|Burnley...a Cotton Mill Town|
COTTON weaving and spinning was Burnley's staple industry for almost 200 years.
Without cotton, Burnley as we know it, may never have existed, and in it's heyday it became the cotton manufacturing capital of the world. Over 140 mills once operated in the town, and at the peak of the cotton industry in 1929, 63 per cent of the town's working population worked in some capacity at one of the mills in the town.
Husbands, wives, sons and daughters often worked together at the looms, although children under nine were forbidden to work under an Act of 1833. The mill owners got round that by hiding the under-aged in sacks, should word get around that an inspector was on tour in the area!
By 1875 the hours of work for the mill and factory workers were reduced to 56 a week, and at the turn of the 19th century, the mill engine was stopped on Saturday lunchtime. The 45-hour week was introduced in 1945.
And so here is the Bancroft connection to this story.....William Bancroft was born on 19th April 1823 in the Keighley Parish area, known as Ponden, near the village of Stanbury and was baptised on 22nd July of that year at Haworth Parish Church, which was geographically nearer to where the family lived than the Keighley Parish Church. His parents were Abraham and Hannah [ne: Mitchell] Bancroft and he was one of seven children.
The young William was shown as working in a worsted factory at the time of the 1841 census. Within a year his father Abraham had also died , aged about 42 years,leaving the remaining family of now only four children to fend for themselves....three of the siblings having died at an early age.
|Palatine Square circa 1900|
His obituary in the local newspaper was as follows:
'We regret to announce the death of Mr William Bancroft, which took place early yesterday morning at his residence of 175 Colne Road. No one will be surprised at this, when they consider that he arrived at the ripe old age of 81 years. He was a man who had been well known and highly respected for more than half a century. Formally, and until reaching old age, he was a cotton manufacturer. He was a trusted executor of the late William Halstead, and had handled the administration of his estate, which involved a great deal of characteristic enterprise. No one who knew Mr Bancroft, would have the slightest misgivings as to his ability and honour. Faithfulness characterised his conduct. He had been associated with the Colne Road Wesleyan Chapel, and was a trustee for probably at least 25 years.He was always kindly, and received kindness from all quarters. With his death, there is removed from Burnley one of it's oldest citizens. He is survived by his wife.'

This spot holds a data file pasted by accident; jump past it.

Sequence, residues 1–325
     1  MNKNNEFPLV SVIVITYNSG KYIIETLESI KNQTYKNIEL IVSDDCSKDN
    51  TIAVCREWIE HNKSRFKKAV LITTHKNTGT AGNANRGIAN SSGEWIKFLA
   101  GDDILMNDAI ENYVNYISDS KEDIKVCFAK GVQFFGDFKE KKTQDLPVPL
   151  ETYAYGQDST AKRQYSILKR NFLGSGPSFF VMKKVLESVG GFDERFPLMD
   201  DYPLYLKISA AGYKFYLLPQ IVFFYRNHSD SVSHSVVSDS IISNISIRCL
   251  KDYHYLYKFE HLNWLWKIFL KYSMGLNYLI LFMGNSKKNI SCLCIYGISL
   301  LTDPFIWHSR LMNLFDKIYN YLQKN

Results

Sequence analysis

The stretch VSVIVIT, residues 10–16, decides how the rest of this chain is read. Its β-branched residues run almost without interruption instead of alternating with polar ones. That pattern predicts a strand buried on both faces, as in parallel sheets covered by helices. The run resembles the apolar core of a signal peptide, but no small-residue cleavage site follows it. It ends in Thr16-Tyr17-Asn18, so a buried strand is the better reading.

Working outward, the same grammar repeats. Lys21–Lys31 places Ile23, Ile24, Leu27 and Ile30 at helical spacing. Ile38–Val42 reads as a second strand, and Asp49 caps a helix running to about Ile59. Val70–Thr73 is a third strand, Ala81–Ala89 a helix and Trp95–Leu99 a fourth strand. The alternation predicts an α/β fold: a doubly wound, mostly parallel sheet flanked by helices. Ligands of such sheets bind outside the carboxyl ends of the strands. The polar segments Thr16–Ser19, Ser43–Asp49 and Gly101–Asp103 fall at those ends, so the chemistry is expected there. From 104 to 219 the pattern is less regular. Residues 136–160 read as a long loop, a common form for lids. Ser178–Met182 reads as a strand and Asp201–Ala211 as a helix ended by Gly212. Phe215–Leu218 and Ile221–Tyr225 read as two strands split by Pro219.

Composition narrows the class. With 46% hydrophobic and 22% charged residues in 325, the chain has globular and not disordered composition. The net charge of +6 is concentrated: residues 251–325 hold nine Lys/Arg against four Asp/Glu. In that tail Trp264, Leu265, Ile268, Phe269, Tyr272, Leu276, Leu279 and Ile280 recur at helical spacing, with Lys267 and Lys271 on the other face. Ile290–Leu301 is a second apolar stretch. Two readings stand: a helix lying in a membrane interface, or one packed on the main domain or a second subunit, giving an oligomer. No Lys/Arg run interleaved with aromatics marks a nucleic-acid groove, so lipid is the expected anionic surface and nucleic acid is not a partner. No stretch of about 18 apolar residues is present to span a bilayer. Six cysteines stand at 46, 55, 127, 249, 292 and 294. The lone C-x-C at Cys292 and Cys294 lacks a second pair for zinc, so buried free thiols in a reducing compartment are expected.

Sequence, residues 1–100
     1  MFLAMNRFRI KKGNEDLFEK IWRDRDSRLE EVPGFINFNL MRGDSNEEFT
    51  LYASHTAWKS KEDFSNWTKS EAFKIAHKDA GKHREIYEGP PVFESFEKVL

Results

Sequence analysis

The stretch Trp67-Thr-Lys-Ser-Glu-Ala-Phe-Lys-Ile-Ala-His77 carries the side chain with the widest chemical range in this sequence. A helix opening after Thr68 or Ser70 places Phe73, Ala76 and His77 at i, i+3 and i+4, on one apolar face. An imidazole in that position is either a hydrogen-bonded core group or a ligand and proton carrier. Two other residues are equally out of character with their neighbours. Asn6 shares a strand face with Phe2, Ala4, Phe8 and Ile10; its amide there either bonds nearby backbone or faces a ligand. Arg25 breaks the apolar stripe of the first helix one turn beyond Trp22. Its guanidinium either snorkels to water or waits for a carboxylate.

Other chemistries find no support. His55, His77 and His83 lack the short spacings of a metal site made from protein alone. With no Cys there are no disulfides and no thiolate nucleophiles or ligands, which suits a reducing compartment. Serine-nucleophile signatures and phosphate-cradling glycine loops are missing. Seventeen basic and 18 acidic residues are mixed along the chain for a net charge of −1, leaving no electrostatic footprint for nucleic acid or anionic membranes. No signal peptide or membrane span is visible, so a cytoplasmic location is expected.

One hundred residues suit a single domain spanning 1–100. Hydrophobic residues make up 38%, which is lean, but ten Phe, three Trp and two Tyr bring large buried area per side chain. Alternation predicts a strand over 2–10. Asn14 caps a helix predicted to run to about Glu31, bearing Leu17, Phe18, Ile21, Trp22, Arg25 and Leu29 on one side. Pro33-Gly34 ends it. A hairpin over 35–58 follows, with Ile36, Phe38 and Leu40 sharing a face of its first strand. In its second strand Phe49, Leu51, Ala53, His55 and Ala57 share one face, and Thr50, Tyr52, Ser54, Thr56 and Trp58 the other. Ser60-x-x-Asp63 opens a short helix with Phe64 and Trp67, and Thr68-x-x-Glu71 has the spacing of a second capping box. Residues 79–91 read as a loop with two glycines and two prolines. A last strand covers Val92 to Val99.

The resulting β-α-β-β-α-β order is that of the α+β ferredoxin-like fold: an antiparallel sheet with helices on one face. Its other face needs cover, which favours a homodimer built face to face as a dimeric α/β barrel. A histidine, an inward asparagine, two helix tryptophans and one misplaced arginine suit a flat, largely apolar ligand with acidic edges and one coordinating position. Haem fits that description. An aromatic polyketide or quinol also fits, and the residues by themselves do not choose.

His wife Elizabeth, died on the 17th August 1907.
The mill, which is still situated in Elm St. Burnley, was originally owned by John Hurtley and Son - cotton spinners and manufacturers, who were operating from this mill from around 1868 to 1879. From this date it's name changed to William Bancroft and Co. Ltd., cotton manufacturers, and continued to operating at the mill under that name till about 1923, even though William had long since ceased to have any involvment with the business.At it's hight the mill was shown to be operating 228 looms. From about 1912, the mill building was shown as 'New Hall Mill' on all the maps of the area in addition to a second New Hall Mill further up Elm Street. In the mid 1940s, John Walton and Son Ltd., cotton manufacturers were operating at the mill.
|North Bridge Mill|
The mill is now part of the North Bridge complex, a group of small commercial units. North Bridge Mill consisted of a three storied sandstone spinning mill, with a smaller four storied apex section. Modern additions are to the rear, with a small weaving shed and warehousing on the Daneshouse Road side.